Perhaps Starr was the best at supporting the song, but he was severely technically lacking.

 

And I've met many jazz drummers who love Buddy Rich. But I'm not going to get into who people idolize, I was speaking of who drummers I know personally idolize not the drum community as a whole. I really don't know who they idolize anymore, I haven't been a part of it for ages. 

 

And as for the producers telling session drummers to play like Ringo, it was probably like saying "Support the song." I'm sure they could have said play like Ginger Baker, because he also was able to support the song, but his style was often far more flamboyant.


Edited by kyuuketsuki - 6/26/13 at 7:47am
post #37 of 98
Quote:
Originally Posted by Chris J View Post


Easy going threads don't usually start with THE BEATLES ARE OVERRATED!

A very classy title!!

 

Ah, touche'.

post #38 of 98

I thought this was a joke thread but I guess it was supposed to be serious?

 

The Beatles without formal training as musicians or proper instruments and musical education absorbed American music from the 50's and created their own sound.  They credited the African American musicians and Country artists that influenced their style as opposed to the White American musicians (Pat Boone et al) that basically stole the music without homage or credit.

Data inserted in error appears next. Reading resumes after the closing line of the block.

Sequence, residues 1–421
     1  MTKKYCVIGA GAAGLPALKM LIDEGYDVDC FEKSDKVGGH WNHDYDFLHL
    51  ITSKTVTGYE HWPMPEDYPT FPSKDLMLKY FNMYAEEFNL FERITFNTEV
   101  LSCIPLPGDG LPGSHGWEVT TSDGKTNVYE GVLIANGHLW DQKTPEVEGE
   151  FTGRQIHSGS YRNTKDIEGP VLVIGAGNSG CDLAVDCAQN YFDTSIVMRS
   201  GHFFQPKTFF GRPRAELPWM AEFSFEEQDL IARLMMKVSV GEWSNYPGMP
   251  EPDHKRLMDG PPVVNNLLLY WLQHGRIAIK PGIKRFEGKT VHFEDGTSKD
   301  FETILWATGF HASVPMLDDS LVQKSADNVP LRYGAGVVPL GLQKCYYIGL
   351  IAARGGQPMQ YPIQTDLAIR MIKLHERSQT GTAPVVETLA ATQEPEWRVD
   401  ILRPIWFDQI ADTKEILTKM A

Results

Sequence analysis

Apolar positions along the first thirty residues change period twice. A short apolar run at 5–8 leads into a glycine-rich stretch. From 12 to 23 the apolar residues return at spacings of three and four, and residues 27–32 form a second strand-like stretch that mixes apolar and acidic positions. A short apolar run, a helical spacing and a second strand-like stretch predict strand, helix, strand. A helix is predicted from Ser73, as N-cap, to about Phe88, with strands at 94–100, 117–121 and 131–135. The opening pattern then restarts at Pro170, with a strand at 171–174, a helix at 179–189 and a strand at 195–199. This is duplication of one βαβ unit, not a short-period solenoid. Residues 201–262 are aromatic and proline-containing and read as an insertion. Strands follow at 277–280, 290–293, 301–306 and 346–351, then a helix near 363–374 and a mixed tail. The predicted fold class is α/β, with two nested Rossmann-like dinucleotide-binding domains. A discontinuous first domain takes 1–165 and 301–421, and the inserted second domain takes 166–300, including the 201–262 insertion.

They wrote their own hits, they were a cultural influence of immense proportions, in America and around the world.  They changed hairstyles, clothing, and art. They evolved over time with their writing and music that created a template other musicians honed for. 

 

They influenced countless musicians in style and sound including their contemporaries (Stones and Dylan).

 

Rolling Stone has Sgt. Pepper as the No. 1 album of all time. The rest of the Beatles albums are all over the top twenty out of the top 500 albums of all time. VH1 in a vote of contemporary musicians on the most important bands of the modern era has The Beatles #1 followed by Michael Jackson and Elvis.

 

McCartney and Lennon alone wrote more #1 hits than any other song writers in history and not just for themselves but for others (ex. Peter and Gordon).